Your earlier post referred to the material as "planting compost" which usually means some sort of organic soil. That is what has serious ammonia issues. The Fluval stratum is not the same thing, but all plant substrate materials are dangerous for substrate fish so there is still a serious bacterial issue here. Upper fish should be fine. But on another note, all these materials do carry the risk of affecting the water chemistry and this adds another layer of possible problems. I have learned over the years that keeping things as simple as possible will avoid a lot of trouble long-term, so that is usually the basis of my advice when asked about these substrates. When one understands the relationship of a fish to the water, one appreciates the issue.
 
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Characf

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I'm still in the learning phases, know the basic principles and I'm willing to be patient with stocking the tank.. plenty of info on this site so hopefully I can find a good balance
I think it's called Fluval plant and shrimp stratum, I live in a hard water area and it naturally lowers PH and is good for shrimps and plants in which I want both so I just bought it.. didn't know it causes ammonia spikes.. I'll test my water after a few weeks and make sure my plants are progressing before adding any fish anyways
 

PewPewChris

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Your earlier post referred to the material as "planting compost" which usually means some sort of organic soil. That is what has serious ammonia issues. The Fluval stratum is not the same thing, but all plant substrate materials are dangerous for substrate fish so there is still a serious bacterial issue here. Upper fish should be fine. But on another note, all these materials do carry the risk of affecting the water chemistry and this adds another layer of possible problems. I have learned over the years that keeping things as simple as possible will avoid a lot of trouble long-term, so that is usually the basis of my advice when asked about these substrates. When one understands the relationship of a fish to the water, one appreciates the issue.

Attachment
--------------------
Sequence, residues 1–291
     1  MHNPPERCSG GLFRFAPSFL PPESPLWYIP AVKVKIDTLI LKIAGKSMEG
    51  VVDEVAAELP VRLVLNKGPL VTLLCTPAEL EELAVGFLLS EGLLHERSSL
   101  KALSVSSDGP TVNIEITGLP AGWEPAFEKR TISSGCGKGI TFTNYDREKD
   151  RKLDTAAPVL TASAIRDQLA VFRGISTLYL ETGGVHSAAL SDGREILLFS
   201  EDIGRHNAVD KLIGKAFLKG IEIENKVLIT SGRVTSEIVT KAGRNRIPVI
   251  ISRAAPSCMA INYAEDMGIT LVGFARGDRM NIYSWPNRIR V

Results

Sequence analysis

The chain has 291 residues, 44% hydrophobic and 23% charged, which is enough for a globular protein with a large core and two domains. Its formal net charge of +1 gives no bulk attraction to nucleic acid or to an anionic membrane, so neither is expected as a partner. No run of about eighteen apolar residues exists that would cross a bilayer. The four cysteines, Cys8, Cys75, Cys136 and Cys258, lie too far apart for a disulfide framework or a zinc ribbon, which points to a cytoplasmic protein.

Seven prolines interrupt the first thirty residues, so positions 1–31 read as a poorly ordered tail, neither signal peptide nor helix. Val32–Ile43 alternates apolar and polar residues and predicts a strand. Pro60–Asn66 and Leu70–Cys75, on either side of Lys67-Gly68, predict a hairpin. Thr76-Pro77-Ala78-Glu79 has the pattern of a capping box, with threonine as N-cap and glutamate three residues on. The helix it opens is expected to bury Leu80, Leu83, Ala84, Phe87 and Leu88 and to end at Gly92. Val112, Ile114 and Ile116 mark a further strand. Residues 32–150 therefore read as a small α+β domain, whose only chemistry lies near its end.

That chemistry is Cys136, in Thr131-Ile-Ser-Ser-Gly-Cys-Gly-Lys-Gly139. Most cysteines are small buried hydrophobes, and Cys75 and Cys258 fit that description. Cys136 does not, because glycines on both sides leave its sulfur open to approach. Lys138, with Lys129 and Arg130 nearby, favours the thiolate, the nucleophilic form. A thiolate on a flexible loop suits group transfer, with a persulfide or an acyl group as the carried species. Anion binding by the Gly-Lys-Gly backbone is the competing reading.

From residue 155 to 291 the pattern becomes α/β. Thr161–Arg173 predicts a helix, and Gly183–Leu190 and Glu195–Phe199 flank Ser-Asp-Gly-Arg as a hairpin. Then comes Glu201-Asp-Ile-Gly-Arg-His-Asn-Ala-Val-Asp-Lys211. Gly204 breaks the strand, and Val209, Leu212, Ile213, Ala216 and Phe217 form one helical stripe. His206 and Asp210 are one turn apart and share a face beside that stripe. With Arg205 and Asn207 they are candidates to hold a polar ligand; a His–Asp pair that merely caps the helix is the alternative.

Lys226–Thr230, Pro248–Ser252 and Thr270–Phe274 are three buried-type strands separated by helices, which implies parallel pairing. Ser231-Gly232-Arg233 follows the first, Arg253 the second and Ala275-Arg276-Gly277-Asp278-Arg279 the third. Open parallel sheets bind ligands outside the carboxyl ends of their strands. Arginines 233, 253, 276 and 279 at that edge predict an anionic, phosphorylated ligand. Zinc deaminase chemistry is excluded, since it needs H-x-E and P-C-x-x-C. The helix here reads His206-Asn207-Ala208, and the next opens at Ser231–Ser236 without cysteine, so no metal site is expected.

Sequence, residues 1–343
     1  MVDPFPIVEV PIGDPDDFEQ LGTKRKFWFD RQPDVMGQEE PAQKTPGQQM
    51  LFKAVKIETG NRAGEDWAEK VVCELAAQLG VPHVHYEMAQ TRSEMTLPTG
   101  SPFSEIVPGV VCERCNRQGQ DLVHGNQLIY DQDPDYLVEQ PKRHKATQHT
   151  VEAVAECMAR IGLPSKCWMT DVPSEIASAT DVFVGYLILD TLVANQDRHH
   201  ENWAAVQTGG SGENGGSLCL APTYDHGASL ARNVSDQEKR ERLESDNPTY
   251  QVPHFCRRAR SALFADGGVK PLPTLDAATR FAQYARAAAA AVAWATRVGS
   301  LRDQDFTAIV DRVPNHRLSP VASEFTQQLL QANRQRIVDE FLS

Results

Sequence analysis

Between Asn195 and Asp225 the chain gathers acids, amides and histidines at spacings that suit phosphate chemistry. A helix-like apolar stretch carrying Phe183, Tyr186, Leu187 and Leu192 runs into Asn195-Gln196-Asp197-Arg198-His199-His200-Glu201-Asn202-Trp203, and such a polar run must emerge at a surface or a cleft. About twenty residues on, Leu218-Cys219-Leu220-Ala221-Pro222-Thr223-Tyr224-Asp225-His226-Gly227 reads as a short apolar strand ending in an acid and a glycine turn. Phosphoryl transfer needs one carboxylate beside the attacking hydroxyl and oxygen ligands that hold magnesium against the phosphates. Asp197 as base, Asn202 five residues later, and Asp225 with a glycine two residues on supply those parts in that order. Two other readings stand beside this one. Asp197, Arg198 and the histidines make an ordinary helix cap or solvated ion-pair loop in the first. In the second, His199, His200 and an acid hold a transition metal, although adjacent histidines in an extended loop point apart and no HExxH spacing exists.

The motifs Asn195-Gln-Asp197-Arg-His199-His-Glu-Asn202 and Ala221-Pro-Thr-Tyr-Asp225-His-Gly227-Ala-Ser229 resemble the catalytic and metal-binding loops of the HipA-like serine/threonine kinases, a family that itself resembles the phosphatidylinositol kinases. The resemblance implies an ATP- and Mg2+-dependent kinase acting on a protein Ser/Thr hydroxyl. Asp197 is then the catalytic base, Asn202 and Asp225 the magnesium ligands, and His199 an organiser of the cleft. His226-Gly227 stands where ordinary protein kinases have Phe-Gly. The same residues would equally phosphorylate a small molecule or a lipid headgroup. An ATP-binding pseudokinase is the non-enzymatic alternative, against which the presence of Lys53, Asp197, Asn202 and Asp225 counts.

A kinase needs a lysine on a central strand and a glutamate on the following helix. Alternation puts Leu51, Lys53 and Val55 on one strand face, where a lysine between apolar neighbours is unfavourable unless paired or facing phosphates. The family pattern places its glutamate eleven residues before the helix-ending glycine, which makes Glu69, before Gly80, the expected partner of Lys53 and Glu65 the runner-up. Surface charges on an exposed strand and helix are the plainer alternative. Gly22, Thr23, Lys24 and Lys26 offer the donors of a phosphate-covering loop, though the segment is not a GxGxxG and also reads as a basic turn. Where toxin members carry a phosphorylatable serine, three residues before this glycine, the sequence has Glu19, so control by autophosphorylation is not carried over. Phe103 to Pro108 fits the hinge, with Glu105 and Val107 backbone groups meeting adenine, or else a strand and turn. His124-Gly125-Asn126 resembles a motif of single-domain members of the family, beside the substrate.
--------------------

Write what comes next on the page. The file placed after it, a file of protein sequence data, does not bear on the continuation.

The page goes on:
Still debating on what my substrate will be in my step-up to a 40G Breeder. Do folks ever do a sand layer with fine gravel over top? Seems like the best of both worlds?
 

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Still debating on what my substrate will be in my step-up to a 40G Breeder. Do folks ever do a sand layer with fine gravel over top? Seems like the best of both worlds?
The sand will end up on top I think...
 

Byron

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No, sand being finer grain settles to the bottom and gravel being larger grained will be on top.

I don't understand the "best of both worlds" comment. There is only one option and that is what the intended fish require. If you have cories, loaches, and similar substrate fish, or small cichlids which are substrate feeders, you are better with sand (mandatory for some of these, preferable for others). Larger cichlids are better with gravel if not too big, they can choke on it.
 
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Characf

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I want yoyo loach which are considered a bottom dwelling fish, would I be okay with gravel and stratum in a planted tank for them?